Why did the Fed halt interest rate hikes? Now we have more insight.

Fed Chairman Jerome Powell speaking at a news conference Photo by Alex Wong/Getty Images News/Getty Images Fed Chairman Jerome Powell speaking at a news conference Image:

If you’re struggling to repair your finances following the government shutdown, trying to figure out how to afford a home or just worried about the economy generally, take heart: The Federal Reserve is paying attention.

On Tuesday, the Fed published notes from its January meeting, shedding light on its decision to stop raising interest rates for now. Those notes reveal the Fed’s concerns about things like a rocky stock market, a slower global economy — and tough times at home for many Americans.

The Fed committee “observed that the recent partial federal government shutdown had presented a significant hardship for many families,” the notes say. In addition, the committee discussed how affordability issues were contributing to weakness in the housing sector.

Want to know more?

What’s the background?

Until last month, the Fed had steadily increased interest rates for five straight quarters.

After its meeting at the end of January, however, Federal Reserve Chairman Jerome Powell cited slowing global economic growth along with growing uncertainty in domestic policy as reasons to pump the brakes on interest rate hikes.

The minutes from that meeting confirm the Fed’s concerns that the five-week U.S. government shutdown, market uncertainty and other global issues — including trade disputes and slowing growth in China and Europe — are putting significant pressure on the U.S. economy.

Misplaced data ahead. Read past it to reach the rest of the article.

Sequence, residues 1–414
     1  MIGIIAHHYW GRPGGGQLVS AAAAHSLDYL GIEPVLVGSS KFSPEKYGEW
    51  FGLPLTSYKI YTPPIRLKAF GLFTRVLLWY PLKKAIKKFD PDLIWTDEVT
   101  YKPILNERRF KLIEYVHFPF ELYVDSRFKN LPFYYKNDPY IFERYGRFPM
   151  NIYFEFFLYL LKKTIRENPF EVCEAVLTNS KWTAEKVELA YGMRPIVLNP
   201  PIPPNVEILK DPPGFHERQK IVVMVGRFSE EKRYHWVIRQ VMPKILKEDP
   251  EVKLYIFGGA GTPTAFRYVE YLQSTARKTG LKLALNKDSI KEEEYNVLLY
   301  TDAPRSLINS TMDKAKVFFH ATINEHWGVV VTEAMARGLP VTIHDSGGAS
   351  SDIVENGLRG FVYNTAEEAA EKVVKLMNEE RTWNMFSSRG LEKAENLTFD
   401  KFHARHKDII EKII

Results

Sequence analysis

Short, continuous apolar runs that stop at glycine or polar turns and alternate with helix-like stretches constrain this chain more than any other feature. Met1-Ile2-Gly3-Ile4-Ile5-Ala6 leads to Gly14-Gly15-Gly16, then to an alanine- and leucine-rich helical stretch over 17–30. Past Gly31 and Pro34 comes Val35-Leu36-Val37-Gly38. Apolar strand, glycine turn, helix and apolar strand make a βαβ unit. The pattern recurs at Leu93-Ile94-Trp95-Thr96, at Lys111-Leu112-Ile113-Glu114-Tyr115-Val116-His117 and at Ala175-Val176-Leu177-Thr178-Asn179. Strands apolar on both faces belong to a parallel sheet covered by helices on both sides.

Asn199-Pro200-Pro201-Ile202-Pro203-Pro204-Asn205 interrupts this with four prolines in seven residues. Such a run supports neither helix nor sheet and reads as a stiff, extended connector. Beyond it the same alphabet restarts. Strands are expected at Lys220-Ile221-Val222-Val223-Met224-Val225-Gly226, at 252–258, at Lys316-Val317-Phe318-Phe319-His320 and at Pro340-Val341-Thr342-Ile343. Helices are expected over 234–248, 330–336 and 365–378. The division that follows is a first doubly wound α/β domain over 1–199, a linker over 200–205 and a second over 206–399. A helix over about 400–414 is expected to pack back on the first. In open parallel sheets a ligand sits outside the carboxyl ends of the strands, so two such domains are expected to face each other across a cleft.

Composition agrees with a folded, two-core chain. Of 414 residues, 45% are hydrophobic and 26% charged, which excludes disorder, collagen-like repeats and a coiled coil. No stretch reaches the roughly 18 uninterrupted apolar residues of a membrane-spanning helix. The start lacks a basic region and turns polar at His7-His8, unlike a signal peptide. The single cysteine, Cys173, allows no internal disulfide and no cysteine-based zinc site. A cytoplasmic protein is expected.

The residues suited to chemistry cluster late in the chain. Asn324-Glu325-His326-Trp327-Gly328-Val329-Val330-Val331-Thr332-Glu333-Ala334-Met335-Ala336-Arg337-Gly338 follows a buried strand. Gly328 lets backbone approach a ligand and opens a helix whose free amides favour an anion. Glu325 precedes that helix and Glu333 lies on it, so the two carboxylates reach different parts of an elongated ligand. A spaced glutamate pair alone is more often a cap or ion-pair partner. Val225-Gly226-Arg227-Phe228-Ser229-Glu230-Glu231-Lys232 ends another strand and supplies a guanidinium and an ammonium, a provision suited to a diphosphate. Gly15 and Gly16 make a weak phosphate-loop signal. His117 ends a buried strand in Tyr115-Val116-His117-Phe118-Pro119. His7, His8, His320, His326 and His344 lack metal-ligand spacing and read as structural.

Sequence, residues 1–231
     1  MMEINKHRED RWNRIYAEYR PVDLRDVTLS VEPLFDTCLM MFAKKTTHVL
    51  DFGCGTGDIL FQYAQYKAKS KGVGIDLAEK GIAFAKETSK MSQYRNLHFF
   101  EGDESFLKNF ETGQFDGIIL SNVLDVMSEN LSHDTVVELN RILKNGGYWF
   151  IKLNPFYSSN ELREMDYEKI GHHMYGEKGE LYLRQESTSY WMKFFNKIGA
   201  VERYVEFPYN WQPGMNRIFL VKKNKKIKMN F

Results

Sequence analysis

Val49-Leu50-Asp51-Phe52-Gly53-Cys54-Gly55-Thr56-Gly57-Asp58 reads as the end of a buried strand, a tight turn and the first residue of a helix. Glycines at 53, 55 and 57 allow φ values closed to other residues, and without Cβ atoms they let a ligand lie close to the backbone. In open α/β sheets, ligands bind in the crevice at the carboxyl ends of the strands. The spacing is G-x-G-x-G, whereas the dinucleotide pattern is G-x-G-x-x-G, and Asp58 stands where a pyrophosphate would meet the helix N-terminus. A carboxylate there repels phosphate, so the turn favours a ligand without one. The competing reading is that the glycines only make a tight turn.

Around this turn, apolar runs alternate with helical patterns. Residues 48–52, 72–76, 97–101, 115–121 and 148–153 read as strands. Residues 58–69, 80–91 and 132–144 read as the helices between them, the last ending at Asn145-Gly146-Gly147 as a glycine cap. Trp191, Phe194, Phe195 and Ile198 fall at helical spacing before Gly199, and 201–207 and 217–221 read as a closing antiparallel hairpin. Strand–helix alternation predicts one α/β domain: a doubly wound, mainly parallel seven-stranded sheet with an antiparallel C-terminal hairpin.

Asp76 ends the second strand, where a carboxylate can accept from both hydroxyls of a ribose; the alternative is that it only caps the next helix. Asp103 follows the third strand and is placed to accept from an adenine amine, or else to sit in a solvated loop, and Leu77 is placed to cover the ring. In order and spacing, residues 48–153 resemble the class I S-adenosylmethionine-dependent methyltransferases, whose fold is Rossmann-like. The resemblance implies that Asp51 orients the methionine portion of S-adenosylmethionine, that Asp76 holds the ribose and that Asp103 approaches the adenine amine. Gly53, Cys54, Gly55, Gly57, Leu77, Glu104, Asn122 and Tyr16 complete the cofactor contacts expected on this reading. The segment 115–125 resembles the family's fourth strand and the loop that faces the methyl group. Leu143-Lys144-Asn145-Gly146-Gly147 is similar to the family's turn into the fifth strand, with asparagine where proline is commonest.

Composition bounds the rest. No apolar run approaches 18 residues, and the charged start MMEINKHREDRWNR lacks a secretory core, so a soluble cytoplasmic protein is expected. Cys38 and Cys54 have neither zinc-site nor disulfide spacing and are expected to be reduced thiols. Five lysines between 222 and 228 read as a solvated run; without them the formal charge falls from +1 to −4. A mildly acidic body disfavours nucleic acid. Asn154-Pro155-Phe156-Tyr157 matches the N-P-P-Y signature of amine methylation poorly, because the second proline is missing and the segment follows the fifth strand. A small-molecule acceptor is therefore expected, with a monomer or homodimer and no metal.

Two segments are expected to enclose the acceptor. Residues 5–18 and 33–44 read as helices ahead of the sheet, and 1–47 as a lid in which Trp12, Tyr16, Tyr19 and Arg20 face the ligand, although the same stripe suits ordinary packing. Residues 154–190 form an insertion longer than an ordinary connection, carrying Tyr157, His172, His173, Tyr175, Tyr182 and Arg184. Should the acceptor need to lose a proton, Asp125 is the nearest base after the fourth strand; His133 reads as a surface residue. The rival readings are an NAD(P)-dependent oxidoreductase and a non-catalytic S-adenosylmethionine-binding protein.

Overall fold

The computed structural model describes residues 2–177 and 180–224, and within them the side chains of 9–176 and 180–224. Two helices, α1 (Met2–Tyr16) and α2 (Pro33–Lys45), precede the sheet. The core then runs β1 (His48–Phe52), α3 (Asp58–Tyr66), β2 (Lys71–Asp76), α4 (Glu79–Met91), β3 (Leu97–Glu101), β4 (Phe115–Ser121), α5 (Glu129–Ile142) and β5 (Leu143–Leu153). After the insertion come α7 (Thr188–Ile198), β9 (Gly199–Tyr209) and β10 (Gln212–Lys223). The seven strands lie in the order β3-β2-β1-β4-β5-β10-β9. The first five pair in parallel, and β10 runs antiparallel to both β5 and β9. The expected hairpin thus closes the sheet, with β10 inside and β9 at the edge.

Why does this matter?

No increase in interest rates means that, in the short term, consumers may see variable APRs for credit cards, some car loans and other lines of credit stay at current levels.

You can look at that as a nice break from the steady increases seen over the past five quarters — and it may be good news for many concerned that another increase in interest rates would be hard to keep up with financially.

What’s next?

March 19 is the next date set for the Fed to meet and discuss the economy and any action on interest rates, but some observers say the committee will likely continue to hold off on any hikes through mid-2019.

That doesn’t mean the Fed’s outlook on the economy is all gloomy. The meeting notes actually revealed that the committee overall is still pretty optimistic that the U.S. economy will continue to grow over the next few years, though perhaps at a slower rate. In the meantime, the Fed’s role is to keep a close eye on factors at home and globally in evaluating further rate hikes.

If you want to keep up with the latest on the Fed, you can follow its online meeting calendar and statement releases here.